Drama During Difficult Times Series
“Act Eight – The Lord Takes Center Stage”
For the past two months we have been looking at the book of Job. We have been considering the book of Job as a series of nine acts played out on the stage of life. Each act shows us more and more what Job went through and gives us guidance as we seek to navigate difficult times. Since chapter four we have seen Job’s three friends, who had traveled from surrounding countries supposedly to sympathize and comfort Job, make a series of well-rehearsed speeches. Each of their speeches accused Job of being a hypocrite and his friends insist that God was punishing Job for actively engaging in sinful behavior. Job responded to each speech as he sat on an ash heap suffering physically from a life threatening disease and mourning the lost of his family and possessions. But through all the drama these speeches created the fact is that neither Job nor his friends knew anything about the real drama that occurred behind the curtain of human reality in chapters one and two. Last week we consider the speech from a fourth friend, Elihu. Elihu’s speech went on for six chapters never allowing Job to respond. Eventually, the Lord Himself steps onto center stage, which is probably the only thing that stopped Elihu’s rant.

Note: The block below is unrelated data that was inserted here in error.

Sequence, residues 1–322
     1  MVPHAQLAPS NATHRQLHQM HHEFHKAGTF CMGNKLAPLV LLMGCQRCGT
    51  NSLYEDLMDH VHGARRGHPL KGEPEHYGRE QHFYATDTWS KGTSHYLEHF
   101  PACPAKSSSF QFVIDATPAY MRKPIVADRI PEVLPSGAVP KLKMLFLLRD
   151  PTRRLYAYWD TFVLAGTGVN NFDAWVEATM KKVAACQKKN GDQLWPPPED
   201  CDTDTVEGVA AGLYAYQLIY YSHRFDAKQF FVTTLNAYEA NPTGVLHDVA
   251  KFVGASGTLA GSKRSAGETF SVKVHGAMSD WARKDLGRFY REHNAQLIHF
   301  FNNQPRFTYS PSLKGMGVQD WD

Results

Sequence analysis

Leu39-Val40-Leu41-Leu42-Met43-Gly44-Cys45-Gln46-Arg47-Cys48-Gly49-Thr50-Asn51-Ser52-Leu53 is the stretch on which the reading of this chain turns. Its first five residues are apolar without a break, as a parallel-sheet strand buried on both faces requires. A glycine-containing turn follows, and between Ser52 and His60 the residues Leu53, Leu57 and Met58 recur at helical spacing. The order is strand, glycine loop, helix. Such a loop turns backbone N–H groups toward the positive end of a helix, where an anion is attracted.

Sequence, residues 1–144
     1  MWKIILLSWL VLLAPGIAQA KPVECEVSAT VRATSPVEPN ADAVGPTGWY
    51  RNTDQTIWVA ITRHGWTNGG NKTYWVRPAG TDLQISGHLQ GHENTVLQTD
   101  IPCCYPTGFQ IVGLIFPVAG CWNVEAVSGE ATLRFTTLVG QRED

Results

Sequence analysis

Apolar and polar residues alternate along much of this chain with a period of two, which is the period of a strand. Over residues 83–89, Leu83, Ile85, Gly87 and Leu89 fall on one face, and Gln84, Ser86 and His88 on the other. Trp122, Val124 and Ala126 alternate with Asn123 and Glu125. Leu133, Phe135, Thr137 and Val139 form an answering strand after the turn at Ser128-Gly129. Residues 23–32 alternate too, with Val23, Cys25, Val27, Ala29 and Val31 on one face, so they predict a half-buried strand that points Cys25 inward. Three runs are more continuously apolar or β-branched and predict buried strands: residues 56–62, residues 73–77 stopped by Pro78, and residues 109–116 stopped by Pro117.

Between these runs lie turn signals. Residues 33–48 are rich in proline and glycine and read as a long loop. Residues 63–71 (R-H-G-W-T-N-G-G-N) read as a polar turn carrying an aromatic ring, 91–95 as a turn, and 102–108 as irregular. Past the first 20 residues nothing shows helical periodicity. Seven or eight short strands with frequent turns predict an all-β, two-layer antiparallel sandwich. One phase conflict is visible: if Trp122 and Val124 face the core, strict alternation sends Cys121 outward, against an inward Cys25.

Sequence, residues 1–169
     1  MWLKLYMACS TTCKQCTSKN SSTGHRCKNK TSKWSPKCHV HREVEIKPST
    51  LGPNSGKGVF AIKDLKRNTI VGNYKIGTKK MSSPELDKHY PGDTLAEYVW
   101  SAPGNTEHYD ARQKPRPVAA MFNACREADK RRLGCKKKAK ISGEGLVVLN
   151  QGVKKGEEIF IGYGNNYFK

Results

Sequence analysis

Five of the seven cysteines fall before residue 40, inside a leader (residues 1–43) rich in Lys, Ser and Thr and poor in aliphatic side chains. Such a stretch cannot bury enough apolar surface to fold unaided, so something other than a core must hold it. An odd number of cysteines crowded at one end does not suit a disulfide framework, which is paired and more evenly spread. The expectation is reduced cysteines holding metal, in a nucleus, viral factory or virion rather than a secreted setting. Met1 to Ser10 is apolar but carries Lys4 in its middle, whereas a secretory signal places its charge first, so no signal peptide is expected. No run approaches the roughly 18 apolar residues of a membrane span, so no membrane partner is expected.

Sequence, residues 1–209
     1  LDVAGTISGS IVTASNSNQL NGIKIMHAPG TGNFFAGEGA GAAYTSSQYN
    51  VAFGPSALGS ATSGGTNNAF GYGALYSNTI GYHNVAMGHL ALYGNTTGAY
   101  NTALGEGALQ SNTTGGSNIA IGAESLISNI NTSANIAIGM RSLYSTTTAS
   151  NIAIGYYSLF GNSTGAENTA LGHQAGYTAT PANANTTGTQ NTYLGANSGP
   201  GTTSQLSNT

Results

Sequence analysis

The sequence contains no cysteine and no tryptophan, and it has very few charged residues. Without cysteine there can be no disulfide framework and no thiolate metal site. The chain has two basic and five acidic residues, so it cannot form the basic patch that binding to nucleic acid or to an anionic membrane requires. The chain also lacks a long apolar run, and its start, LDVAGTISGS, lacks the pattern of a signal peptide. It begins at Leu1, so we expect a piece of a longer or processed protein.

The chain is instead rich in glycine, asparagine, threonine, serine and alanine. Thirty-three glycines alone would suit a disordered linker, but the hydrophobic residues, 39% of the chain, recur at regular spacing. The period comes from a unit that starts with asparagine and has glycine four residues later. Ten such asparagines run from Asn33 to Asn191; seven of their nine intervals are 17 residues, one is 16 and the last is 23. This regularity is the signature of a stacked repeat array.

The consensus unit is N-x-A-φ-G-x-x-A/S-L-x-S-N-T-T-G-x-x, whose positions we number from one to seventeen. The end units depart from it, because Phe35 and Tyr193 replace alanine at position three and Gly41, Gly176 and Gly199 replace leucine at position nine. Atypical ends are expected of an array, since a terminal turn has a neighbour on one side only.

The Lord Takes Center Stage
Welcome to Act Eight – The Lord Takes Center Stage. The Lord takes center stage and gives two speeches directly to Job and allows Job to respond to each speech. (Job 38.1-42.6) What is interesting about the Lord’s speeches is that He never attempts to answer the question regarding the reason for Job’s suffering. When you look at the book of Job you will discover that thirty-three chapters were given for Job’s friends to falsely accuse him of willful sin as the reason for his suffering and for Job to defend his integrity. After thirty-three chapters of presenting a false narrative behind Job’s suffering the Lord never mentions the reason why Job is suffering. That’s strange – right? Yes, on the surface it might seem strange but I believe the reason why the Lord doesn’t address the reason for Job’s suffering is to underscore the fact that God’s ways are higher than our ways and His thoughts are higher that our thoughts. (Is.55.8-9) I believe that the Lord doesn’t comment on why Job is suffering is to underscore the fact that no one has ever known the mind of the Lord and no one has ever been His counselor. (Rom.11.34) I believe the Lord makes His speeches to underscore the fact that His judgments are unsearchable and His ways are beyond human comprehension. (Rom.11.33) As a matter of fact I believe that if you ripped those thirty-three chapters of Job’s friends and his responses out of the book of Job I believe you would clearly come to the conclusion that God’s ways are incomprehensible and there are certain things that happen that we will never understand why. If you read chapters one, two, and three and then jump to chapter thirty-eight and read to the end of the book you will discover that a person has no right to answer back to God. And that the thing molded has no right to answer back to the Potter saying, “Why did you make me this way.” (Rom.9.20)